---------------------------------------------------------------------------
    S. 2071 is in keeping with modern federal Indian policy, 
which recognizes the unique sovereign status of Tribal 
governments, and the existence of a government-to-government 
relationship between the United States and Native Americans. 
Lastly, according to the Congressional Research Service, 
repealing these obsolete laws would not affect other statutes, 
principles of Indian law established by the U.S. Supreme Court, 
treaty rights, tribal sovereignty, or other tribal rights.

                          LEGISLATIVE HISTORY

    On July 10, 2019, Senators Rounds, Lankford, and Sinema 
introduced S. 2071.\2\ The bill was referred to the Committee 
on Indian Affairs. On July 17, 2019, the Committee met at a 
duly called business meeting to consider the bill. The 
Committee ordered the bill to be reported favorably, without 
amendment.
---------------------------------------------------------------------------
    \2\This bill is identical to S. 343, which was passed by the 
Committee in the 115th Congress.
---------------------------------------------------------------------------
    Representatives O'Halleran, Cole, and Johnson introduced a 
companion bill, H.R. 3684, in the House of Representatives on 
July 10, 2019, and it was referred to the House Committee on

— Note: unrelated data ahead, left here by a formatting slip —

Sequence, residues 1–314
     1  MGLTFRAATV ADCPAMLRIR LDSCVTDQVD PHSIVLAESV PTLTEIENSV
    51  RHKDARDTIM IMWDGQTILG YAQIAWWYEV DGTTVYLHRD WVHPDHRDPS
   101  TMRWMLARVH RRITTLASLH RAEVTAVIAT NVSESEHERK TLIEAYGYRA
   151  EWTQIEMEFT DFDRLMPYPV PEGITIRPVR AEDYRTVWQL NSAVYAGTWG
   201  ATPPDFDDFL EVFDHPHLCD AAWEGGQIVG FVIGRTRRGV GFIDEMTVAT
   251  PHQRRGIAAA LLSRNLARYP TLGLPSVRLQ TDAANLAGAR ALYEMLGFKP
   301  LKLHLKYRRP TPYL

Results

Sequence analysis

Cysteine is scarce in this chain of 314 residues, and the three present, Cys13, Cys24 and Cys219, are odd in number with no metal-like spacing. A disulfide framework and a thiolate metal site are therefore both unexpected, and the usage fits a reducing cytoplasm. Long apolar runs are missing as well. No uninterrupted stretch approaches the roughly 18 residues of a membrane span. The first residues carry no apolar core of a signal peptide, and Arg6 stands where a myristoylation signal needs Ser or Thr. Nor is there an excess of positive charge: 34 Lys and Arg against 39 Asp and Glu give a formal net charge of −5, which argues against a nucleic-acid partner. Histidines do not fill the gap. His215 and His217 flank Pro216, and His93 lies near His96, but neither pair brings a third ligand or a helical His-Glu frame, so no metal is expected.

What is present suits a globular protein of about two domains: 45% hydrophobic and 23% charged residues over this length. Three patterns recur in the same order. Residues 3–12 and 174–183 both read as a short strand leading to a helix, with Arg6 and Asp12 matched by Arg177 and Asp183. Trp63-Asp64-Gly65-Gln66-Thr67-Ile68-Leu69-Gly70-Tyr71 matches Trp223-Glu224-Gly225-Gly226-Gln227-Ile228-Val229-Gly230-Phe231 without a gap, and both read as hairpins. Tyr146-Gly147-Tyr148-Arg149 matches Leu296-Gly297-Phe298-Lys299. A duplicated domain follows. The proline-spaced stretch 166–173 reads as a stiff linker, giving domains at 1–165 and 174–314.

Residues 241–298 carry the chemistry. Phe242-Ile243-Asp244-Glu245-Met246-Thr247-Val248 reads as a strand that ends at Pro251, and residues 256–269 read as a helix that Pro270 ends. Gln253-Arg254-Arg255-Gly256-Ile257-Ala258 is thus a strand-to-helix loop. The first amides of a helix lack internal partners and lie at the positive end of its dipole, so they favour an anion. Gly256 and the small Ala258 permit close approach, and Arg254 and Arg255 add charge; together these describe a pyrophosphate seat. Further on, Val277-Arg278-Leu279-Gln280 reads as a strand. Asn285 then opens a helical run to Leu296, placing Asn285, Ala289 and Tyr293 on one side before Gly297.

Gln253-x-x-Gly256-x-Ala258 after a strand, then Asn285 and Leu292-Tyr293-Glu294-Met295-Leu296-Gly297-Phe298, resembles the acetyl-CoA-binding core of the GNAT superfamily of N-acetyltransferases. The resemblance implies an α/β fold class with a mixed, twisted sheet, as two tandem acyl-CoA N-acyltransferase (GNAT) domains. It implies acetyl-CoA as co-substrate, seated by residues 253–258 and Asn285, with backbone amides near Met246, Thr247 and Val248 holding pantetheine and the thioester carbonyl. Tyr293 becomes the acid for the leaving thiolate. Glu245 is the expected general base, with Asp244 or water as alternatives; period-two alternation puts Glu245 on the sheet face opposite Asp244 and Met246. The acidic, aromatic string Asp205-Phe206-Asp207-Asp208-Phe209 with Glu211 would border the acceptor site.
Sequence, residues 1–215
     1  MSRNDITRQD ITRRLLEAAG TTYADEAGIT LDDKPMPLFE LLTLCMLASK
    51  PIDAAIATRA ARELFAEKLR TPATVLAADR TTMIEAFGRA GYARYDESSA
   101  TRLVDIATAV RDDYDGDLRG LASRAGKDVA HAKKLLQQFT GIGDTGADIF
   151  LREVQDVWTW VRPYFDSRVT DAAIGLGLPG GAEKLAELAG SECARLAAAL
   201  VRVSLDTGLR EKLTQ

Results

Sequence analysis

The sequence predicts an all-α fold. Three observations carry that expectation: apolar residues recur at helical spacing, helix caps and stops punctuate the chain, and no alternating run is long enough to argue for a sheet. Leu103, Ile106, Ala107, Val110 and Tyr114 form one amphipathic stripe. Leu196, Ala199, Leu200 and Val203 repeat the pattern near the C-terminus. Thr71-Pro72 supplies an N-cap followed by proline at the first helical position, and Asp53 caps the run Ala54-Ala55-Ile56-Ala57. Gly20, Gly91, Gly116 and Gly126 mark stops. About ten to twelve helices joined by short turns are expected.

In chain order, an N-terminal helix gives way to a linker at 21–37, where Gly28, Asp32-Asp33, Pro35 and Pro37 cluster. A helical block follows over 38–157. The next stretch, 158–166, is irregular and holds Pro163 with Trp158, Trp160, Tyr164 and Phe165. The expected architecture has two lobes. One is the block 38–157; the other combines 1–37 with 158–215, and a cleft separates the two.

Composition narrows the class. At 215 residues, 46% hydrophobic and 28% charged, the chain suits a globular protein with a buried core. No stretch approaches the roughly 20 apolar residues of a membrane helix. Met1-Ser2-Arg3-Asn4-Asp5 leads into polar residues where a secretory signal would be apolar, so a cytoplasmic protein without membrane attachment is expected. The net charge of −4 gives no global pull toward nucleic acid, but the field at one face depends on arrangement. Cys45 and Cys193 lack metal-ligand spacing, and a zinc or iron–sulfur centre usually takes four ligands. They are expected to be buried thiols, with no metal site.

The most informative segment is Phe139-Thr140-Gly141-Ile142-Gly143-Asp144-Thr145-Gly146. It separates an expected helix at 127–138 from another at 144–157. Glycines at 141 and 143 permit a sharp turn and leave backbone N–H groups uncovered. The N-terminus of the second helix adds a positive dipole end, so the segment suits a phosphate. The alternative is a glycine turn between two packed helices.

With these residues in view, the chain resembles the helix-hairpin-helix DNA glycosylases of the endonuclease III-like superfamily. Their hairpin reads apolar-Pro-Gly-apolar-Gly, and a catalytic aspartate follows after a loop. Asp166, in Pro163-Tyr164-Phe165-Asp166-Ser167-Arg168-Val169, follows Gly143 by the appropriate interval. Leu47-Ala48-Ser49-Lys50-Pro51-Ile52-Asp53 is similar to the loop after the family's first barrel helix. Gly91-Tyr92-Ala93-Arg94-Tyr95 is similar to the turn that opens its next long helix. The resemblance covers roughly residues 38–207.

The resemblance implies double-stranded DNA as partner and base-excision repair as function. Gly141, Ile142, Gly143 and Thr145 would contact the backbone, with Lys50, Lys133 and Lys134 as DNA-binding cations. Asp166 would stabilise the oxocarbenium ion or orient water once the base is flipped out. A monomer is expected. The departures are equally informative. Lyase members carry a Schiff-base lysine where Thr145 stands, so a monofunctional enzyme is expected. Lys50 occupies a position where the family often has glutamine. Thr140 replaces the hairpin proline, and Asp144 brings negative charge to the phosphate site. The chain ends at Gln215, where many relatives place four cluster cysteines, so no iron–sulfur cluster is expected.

Natural Resources. On July 25, 2019, H.R. 3684 was referred to 
the House Natural Resources Committee, Subcommittee on 
Indigenous Peoples of the United States. No further action has 
been taken at this time.
    115th Congress. On February 8, 2017, Senators Rounds and 
Lankford introduced S. 343.\3\ On March 29, 2017, the Committee 
met at a duly called business meeting to consider the bill and 
ordered it reported favorably, without amendment. On November 
29, 2017, the bill passed the Senate by Unanimous Consent. S. 
343 was received in the House of Representatives and referred 
to the House Committee on Natural Resources. No further action 
was taken on the legislation. No companion bill was introduced 
in the House of Representatives.
---------------------------------------------------------------------------
    \3\This bill is identical to S. 2796, as amended, which was passed 
by the Committee in the 114th Congress.
---------------------------------------------------------------------------
    114th Congress. On April 13, 2016, Senator Rounds 
introduced S. 2796. On June 29, 2016, the Committee held a